PE&RS October 2017 Public - page 705

Registration of Images To Lidar and GIS Data
Without Establishing Explicit Correspondences
Gabor Barsai, Alper Yilmaz, Sudhagar Nagarajan, and Panu Srestasathiern
Recovering the camera orientation is a fundamental problem
in photogrammetry for precision 3D recovery, orthophoto
generation, and image registration. In this paper, we achieve
this goal by fusing the image information with information
extracted from different modalities, including lidar and
. In contrast to other approaches, which require feature
correspondences, our approach exploits edges across the
modalities without the necessity to explicitly establish cor-
respondences. In the proposed approach, extracted edges
from different modalities are not required to have analyti-
cal forms. This flexibility is achieved by minimizing a new
cost function using a Bayesian approach, which takes the
Euclidean distances between the projected edges extracted
from the other data source and the edges extracted from
the reference image as its random variable. The proposed
formulation minimizes the overall distances between the sets
of edges iteratively, such that the end product results in the
correct camera parameters for the reference image as well as
matching features across the modalities. The initial solution
can be obtained from
data. The formulation is shown
to successfully handle noise and missing observations in
edges. Point matching methods may fail for oblique images,
especially high oblique images. We eliminate the require-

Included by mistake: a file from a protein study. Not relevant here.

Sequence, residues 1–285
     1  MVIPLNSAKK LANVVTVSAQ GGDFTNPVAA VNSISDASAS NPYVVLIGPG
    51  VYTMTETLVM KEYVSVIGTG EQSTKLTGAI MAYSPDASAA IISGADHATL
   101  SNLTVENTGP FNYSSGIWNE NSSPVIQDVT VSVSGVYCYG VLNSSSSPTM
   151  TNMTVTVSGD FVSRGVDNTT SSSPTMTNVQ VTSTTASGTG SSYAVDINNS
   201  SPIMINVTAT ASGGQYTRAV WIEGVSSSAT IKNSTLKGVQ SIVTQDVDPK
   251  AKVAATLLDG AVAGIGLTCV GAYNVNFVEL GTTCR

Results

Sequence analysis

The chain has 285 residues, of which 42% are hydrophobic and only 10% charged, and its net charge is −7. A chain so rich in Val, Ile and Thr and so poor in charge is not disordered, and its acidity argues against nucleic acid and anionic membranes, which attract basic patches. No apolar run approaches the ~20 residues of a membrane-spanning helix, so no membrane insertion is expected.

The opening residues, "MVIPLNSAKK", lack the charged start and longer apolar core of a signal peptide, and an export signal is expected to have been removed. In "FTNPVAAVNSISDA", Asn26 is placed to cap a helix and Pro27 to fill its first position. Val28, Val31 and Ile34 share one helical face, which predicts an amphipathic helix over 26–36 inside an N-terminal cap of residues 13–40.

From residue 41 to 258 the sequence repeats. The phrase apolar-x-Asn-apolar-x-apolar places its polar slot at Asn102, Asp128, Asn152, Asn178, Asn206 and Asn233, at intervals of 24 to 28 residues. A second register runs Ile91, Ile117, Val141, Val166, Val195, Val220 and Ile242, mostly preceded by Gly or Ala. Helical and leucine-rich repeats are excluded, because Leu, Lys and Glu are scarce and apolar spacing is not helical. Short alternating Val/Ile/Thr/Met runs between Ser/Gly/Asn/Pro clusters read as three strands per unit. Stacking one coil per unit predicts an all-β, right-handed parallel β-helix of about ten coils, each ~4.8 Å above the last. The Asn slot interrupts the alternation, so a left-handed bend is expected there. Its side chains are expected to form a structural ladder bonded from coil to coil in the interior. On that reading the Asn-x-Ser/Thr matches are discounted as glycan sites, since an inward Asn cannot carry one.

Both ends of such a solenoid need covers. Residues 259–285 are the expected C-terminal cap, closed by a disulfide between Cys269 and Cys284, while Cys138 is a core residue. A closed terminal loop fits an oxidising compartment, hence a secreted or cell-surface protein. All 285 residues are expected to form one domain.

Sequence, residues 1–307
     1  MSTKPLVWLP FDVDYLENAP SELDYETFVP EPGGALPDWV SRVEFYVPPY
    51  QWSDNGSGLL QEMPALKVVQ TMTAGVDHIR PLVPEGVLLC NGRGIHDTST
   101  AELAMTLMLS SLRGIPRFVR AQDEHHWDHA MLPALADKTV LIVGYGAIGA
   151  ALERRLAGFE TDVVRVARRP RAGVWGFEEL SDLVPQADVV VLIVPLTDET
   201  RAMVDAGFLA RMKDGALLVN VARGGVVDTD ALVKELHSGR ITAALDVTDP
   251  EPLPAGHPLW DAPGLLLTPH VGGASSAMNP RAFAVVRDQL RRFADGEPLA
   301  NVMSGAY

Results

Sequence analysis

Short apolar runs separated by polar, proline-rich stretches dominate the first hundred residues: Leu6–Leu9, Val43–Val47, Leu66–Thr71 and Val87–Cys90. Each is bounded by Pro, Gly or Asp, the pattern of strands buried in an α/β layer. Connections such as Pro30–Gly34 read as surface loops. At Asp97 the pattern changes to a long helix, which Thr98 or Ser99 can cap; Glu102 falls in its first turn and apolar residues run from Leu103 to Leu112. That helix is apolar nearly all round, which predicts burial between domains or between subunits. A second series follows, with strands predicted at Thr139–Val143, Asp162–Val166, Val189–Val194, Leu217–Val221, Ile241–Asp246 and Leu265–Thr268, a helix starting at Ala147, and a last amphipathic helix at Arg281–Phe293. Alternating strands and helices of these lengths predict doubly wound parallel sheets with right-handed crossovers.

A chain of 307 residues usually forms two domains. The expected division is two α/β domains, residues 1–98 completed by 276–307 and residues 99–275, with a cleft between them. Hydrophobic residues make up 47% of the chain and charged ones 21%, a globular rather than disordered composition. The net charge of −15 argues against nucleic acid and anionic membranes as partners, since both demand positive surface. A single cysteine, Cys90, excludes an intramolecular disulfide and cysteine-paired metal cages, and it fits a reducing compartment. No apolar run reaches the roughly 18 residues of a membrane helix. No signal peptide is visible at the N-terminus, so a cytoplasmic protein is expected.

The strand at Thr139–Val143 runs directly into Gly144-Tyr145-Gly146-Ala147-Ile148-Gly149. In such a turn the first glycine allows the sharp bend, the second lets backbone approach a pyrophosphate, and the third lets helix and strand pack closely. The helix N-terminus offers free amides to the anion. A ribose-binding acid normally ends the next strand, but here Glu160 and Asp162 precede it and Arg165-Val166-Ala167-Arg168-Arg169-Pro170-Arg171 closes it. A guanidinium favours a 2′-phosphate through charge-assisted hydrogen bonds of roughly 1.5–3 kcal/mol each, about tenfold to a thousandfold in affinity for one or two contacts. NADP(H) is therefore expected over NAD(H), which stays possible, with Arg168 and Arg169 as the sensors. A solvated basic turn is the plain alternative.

ment for exact point-to-point matching. The feasibility of the
method is experimented with nadir and oblique images.
Registration is the process of aligning two or more datasets
acquired for the same site with different coordinate systems
to a single coordinate system. Considering the ever increas-
ing amount of multi-modal datasets with different geometric,
radiometric, temporal, and thematic resolutions, it is impor-
tant to register these datasets to a single coordinate system
by registration (Sester
et al
., 1998), which in turn provides us
with the ability to exploit the advantages offered by each of
the different modalities (Schenk and Csathó, 2002). The reg-
istration between such datasets is
divided into
four steps, namely: feature extraction, matching, transforma-
tion, and resampling (Zitová and Flusser, 2003). In this paper,
we discuss a
method for registering aerial
images to
(Geographical Information Systems) and lidar
(Light Detection And Ranging) data. This is a continuation of
the paper on view invariant shape recognition (Yilmaz and
Barsai, 2008). This previous paper studied freeform matching
using Fourier descriptors.
Registration of aerial images is an important task in pho-
togrammetry, as it is a pre-requisite for 3D surface recovery
and orthophoto generation, as well as performing higher
level inference tasks such as object recognition. An image is
traditionally registered to a reference system using a set of
Ground Control Points (
) and corresponding pixels in the
image. With the advancement in
(Global Positioning
System/Inertial Measurement Unit) technology, exterior orien-